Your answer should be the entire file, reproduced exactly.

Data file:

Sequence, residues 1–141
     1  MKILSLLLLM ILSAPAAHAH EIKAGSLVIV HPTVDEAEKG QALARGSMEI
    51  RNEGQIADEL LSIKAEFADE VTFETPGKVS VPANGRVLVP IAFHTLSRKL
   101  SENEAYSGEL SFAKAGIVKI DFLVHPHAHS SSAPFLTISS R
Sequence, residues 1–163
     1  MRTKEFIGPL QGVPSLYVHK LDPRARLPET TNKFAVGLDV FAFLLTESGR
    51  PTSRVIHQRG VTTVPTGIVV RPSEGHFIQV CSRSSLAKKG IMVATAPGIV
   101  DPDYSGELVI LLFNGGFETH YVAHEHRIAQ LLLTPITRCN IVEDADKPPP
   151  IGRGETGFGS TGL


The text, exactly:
Sequence, residues 1–141
     1  MKILSLLLLM ILSAPAAHAH EIKAGSLVIV HPTVDEAEKG QALARGSMEI
    51  RNEGQIADEL LSIKAEFADE VTFETPGKVS VPANGRVLVP IAFHTLSRKL
   101  SENEAYSGEL SFAKAGIVKI DFLVHPHAHS SSAPFLTISS R
Sequence, residues 1–163
     1  MRTKEFIGPL QGVPSLYVHK LDPRARLPET TNKFAVGLDV FAFLLTESGR
    51  PTSRVIHQRG VTTVPTGIVV RPSEGHFIQV CSRSSLAKKG IMVATAPGIV
   101  DPDYSGELVI LLFNGGFETH YVAHEHRIAQ LLLTPITRCN IVEDADKPPP
   151  IGRGETGFGS TGL